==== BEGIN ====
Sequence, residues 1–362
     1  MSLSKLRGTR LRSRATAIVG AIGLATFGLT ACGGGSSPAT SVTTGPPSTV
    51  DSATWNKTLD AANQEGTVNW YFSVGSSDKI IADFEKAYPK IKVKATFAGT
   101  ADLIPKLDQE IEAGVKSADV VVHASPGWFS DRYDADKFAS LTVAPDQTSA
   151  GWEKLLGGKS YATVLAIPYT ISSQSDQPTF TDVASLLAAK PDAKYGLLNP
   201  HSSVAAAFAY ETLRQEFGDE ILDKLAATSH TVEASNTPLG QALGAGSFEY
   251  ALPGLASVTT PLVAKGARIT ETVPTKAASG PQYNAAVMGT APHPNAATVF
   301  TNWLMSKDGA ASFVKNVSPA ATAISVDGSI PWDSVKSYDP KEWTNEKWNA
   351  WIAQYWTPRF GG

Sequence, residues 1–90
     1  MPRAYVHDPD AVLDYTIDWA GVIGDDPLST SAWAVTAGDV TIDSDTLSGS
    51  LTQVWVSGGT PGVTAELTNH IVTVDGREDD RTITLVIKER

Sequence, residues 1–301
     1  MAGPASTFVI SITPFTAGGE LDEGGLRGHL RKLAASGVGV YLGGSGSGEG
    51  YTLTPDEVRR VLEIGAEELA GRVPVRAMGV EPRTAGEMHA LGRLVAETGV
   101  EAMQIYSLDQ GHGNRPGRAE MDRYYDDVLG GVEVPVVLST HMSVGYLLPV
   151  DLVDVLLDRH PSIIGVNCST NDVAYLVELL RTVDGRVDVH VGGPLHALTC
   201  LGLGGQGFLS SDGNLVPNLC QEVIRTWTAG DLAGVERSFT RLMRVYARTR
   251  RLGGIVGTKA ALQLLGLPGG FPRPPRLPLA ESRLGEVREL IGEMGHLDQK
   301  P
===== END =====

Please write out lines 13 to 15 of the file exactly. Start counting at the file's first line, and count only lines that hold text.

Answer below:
Sequence, residues 1–301
     1  MAGPASTFVI SITPFTAGGE LDEGGLRGHL RKLAASGVGV YLGGSGSGEG
    51  YTLTPDEVRR VLEIGAEELA GRVPVRAMGV EPRTAGEMHA LGRLVAETGV